For Kansas City, Alcides Escobar will become the team’s everyday shortstop, while Lorenzo Cain should roam center field on most days. Escobar’s slash line of .235/.288/.326 ranked among the worst by any full-time hitter. A lower than expected BABIP (.264, vs. league average of about .300) does suggest some bad mojo involved. The Brewers did not let Escobar run much (14 attempts, 10 steals), but he showed a lot of speed with 10 triples. If the Royals let him roam free, he could post 25-30 extra-base hits, with matching steals. His weak batting eye could harm his batting average and also runs scored, though.
On the flip side, Cain’s positive slash line of .306/.348/.415 was largely influenced by his .370 BABIP. That number will likely regress in 2011. Like Escobar, though, Cain should be another decent speed option, especially in AL-only formats.
by Eno Sarris //
Josh Willingham will be 32 next season and in his final year of arbitration, but the Oakland Athletics saw enough there to trade two fringe prospects for him on Thursday. Perhaps they liked his consistency at the plate.
For the last four years, the Hammer’s full-year statistics in some key categories have not wavered much. Check out his walk rate – it has gone from a ‘low’ four years ago at 10.9% to a high of 14.9% last year. His strikeout rate has stayed in a tight range, 23% to 24.3%, and his isolated slugging percentage has been between .192 and .237 over the past four years. The overall package is one that doesn’t wow anyone from a fantasy perspective (he’s never hit more than 26 home runs or better than .277). But Willingham works well as a late-round mixed league outfielder or a stable deep-league bat. He’s predictable.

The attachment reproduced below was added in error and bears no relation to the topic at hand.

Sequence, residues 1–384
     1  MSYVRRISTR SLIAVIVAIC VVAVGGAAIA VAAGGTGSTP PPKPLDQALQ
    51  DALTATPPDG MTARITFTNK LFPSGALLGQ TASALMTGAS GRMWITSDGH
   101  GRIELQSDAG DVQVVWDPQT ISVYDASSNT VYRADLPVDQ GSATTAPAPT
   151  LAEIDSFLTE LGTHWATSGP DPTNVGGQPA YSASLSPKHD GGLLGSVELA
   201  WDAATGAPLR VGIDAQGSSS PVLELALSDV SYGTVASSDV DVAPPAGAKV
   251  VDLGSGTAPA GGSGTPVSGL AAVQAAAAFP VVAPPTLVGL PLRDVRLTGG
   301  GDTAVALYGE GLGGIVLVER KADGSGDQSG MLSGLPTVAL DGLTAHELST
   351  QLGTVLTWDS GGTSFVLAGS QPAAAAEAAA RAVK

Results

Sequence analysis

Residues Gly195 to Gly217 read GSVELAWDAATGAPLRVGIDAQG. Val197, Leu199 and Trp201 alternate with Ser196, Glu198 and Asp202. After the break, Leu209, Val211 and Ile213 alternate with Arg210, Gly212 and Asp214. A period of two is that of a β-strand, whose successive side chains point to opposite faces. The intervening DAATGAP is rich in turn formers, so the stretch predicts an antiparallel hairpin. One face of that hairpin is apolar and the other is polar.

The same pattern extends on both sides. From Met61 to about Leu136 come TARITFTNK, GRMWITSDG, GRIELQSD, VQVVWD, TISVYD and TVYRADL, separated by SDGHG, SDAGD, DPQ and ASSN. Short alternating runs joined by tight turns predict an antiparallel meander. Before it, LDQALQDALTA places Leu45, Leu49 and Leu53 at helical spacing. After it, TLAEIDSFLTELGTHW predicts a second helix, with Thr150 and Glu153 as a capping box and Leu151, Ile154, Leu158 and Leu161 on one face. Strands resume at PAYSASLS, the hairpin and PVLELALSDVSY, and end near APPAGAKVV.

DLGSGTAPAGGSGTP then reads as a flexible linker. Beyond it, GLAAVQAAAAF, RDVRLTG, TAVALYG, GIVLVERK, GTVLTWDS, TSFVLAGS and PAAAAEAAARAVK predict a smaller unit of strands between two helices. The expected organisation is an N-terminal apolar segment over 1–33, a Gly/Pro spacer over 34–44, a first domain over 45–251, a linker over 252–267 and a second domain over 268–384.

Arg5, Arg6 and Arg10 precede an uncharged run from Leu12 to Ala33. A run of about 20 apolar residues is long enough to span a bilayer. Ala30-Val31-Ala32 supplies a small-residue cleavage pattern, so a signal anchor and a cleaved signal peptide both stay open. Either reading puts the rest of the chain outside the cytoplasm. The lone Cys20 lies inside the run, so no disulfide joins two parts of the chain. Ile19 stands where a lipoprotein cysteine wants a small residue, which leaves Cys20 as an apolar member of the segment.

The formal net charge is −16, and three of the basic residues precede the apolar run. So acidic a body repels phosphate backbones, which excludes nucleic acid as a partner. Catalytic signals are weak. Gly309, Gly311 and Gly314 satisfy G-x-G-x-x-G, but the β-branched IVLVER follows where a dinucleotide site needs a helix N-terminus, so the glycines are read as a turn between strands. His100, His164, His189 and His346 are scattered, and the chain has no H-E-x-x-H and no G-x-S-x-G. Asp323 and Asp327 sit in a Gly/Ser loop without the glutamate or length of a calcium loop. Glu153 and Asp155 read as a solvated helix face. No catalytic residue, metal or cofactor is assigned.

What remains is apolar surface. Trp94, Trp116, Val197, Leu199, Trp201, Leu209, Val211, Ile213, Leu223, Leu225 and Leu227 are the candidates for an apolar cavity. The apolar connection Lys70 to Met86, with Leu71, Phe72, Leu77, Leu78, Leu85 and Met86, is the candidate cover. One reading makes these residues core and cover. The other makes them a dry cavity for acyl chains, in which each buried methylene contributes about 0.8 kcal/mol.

How will he fare in his new digs? His FanGraphs splits show that he’s a pull hitter – he has a .810 career slugging percentage to left field (compared to .320 to right field). The Nationals’ park was 337 feet to left field and 377 feet to left-center, so it counts as good news that the Oakland Coliseum is 330 feet to left and 367 to left-center. However, dimensions aren’t everything – the Nationals’ park had a 100 park factor for home runs by a righty last year, and the Coliseum a 77 in that category (ESPN’s three-year park factor for all batters was .872). Whether it’s the weather or some other factor, it was definitely difficult for righties to hit it out of the Coliseum last year. So it’s not likely that Willingham will set a career high in home runs at his age and in that ballpark.